New Fall Television Shows’ Diversity Disappoints

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Despite the increasing diversity in TV shows, there is still a great need for more.

By Gayathri Thelekatt

Despite the increasing diversity in TV shows, there is still a great need for more. (Courtesy of Twitter)

September is a month signaling new beginnings: going back to school, the coming of fall and the return (or premiere) of our favorite TV shows.

Over the past few years, Hollywood has been criticized for its lack of gender and racial diversity. Movies and TV shows are creative outlets that mirror society and humanity for the entertainment of the public. Representation in on-screen media assures that race and gender are proportionately depicted, just as they are in real life.

Movements like #OscarsSoWhite and the Lexa Pledge demonstrate the public’s condemnation of mainstream media’s lack of representation. Important film icons like Will Smith and Spike Lee boycotted the 2016 Oscars in protest of The Academy’s whitewashing.

Other minority actors like “Jane the Virgin’s” Gina Rodriguez, and “The Night Of’s” Riz Ahmed, use their fame as a platform to speak out about the importance of representation of minorities and women in media. Despite the spotlight that has been cast on this issue, 2017’s new fall TV lineup shows little to no improvement.

CBS has received extensive criticism about its lack of diversity over the years. According to Variety, the popular broadcast network has made few attempts to diversify the casts of its new shows in 2017.

In 2016, the network released six new programs, all featuring white male leads. In an effort to ameliorate the issue, this season the network premiers “S.W.A.T”, starring African American actor Shemar Moore. Although the network shows incremental improvements in racial diversity, this season’s shows introduce zero female leads. Critics have noted that the casting staff for CBS is completely white, suggesting a correlation between its staff and its portrayal of women and minorities.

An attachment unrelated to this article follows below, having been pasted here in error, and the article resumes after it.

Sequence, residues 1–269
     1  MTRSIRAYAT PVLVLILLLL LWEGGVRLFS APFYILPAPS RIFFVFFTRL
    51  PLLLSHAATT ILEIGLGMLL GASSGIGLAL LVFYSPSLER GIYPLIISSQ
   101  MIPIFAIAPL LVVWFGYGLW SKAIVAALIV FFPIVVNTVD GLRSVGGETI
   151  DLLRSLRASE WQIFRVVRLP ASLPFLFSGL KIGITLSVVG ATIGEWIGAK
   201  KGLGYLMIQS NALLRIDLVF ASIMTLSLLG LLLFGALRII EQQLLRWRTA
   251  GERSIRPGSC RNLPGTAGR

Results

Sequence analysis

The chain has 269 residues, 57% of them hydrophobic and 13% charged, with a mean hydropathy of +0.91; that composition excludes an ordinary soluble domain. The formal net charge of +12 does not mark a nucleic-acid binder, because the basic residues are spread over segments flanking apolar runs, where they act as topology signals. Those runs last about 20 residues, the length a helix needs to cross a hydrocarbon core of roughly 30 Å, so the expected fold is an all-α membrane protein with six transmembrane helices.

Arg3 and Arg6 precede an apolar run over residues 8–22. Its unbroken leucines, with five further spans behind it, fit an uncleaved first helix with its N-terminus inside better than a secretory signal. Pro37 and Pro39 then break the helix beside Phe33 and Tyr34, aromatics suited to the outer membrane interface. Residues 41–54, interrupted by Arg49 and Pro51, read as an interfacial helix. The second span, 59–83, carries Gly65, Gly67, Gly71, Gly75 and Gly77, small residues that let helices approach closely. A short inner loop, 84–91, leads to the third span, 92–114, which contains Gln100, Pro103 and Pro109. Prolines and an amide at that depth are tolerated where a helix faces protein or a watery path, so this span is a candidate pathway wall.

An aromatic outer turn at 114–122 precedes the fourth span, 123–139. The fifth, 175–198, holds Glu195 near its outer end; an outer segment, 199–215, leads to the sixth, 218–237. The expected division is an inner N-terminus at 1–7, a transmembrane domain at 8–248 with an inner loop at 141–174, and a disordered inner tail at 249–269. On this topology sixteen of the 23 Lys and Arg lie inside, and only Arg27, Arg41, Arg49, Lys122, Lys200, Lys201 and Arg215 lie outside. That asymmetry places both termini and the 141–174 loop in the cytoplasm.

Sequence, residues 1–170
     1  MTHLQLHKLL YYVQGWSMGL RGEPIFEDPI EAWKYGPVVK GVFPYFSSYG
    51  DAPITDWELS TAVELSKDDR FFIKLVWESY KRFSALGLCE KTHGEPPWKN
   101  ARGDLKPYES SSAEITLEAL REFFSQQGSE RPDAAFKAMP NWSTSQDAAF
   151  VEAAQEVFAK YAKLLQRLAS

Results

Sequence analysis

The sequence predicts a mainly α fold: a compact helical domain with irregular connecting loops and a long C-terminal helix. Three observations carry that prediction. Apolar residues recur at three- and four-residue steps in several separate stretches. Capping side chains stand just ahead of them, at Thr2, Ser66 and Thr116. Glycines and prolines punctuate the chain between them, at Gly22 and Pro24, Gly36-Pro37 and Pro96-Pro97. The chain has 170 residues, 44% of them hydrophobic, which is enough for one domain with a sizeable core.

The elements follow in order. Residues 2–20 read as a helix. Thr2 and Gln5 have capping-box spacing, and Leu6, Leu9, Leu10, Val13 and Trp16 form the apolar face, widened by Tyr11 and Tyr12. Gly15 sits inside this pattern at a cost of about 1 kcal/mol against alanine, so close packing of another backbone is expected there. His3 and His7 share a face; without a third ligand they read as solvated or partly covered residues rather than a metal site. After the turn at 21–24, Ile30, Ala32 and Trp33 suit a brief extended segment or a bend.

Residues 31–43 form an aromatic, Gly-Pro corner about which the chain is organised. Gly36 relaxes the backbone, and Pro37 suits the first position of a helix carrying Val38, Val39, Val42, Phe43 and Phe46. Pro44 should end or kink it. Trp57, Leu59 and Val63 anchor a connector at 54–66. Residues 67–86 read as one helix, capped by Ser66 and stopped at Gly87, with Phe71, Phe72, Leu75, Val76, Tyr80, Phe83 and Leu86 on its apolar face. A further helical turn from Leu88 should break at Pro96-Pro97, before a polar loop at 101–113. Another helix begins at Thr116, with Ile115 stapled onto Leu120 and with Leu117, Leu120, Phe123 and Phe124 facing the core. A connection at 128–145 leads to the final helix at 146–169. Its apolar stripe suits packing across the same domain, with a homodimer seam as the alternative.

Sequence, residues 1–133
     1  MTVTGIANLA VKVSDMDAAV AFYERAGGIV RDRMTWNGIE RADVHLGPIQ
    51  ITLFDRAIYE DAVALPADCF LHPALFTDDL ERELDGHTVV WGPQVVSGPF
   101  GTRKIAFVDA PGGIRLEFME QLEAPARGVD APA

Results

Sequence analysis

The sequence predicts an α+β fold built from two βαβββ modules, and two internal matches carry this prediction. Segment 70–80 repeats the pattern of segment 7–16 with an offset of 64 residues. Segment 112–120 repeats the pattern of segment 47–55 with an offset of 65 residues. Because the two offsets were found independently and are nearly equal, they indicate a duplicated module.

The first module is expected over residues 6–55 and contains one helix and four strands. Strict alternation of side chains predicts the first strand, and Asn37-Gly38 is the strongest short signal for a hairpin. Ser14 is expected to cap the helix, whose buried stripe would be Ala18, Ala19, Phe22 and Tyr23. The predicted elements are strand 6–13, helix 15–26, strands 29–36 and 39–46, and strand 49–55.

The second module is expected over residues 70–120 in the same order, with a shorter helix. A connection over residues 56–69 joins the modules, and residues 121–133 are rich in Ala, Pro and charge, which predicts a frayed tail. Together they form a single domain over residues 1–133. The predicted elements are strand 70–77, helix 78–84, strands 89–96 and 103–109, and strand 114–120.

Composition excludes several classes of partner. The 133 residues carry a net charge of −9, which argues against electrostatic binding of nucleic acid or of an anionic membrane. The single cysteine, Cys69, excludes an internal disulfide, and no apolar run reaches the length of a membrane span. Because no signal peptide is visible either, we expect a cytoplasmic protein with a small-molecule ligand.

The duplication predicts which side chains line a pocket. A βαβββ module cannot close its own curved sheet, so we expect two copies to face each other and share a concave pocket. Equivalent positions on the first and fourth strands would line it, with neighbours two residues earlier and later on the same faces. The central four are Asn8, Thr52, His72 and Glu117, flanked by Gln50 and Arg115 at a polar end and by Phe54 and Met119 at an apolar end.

ABC’s inclusion of non-white and female actors has been a bragging right for the network in recent years, and its new shows set to air this fall continue the trend. Pilots like “Ten Days in the Valley,” “Kevin (Probably) Saves the World” and Marvel’s “Inhumans” feature a cast with an ample number of female actors, and at least one non-white actor per show. “Mayor,” another show premiering on ABC this fall, features a young black male as its protagonist; the show also discusses issues of poverty and race.

On the more diverse end of the spectrum, The CW is renowned for its representation of both women and minorities. Screen Rant reports that the network boasts 67 percent female leads, and 33 percent non-white actors in their casts. This season the network premieres two new shows, including “Valor,” whose cast includes a commensurable amount of female and non-white actors.

Popular shows returning to the air this fall, “Jane the Virgin” and “Blackish,” feature an almost completely non-white cast. These series center around non-white families, giving dimensionality to Hispanic and black minorities and breaking out of the tired tropes.

For example, in “Blackish,” Andre wants to join his school’s field hockey team, and Jane Villanueva from “Jane the Virgin” goes to grad school for writing. In contrast, shows like “The Big Bang Theory” reach huge success by playing into common stereotypes of women and minorities.

Despite the fact that diversity and the representation of women and minorities continues to be a hotly debated issue, TV is a different world today than it was 20 years ago.

In the 90s, programs like “Friends” and “Dawson’s Creek” dominated mainstream media. Shows like these faltered in their representation of people of color, with their leading roles exclusively occupied by white actors. Fortunately, in 2017, there are multiple series on air with non-white lead actors, or even completely non-white casts.

Even though considerable progress has been made since the 90s, the need for representation is still prevalent. Variety reports that 35 percent of the 46 lead and co-lead roles of the new fall TV lineup belong to women. Facts like this are disheartening when women make up 50 percent of the population, yet do not correspondingly appear on screen.

Although the new programs set to premiere this fall do not completely lack in diversity, TV still has a long way to go in accurately and proportionately representing women and minorities. Media has a great impact on society, so underrepresentation has consequences on a larger scale.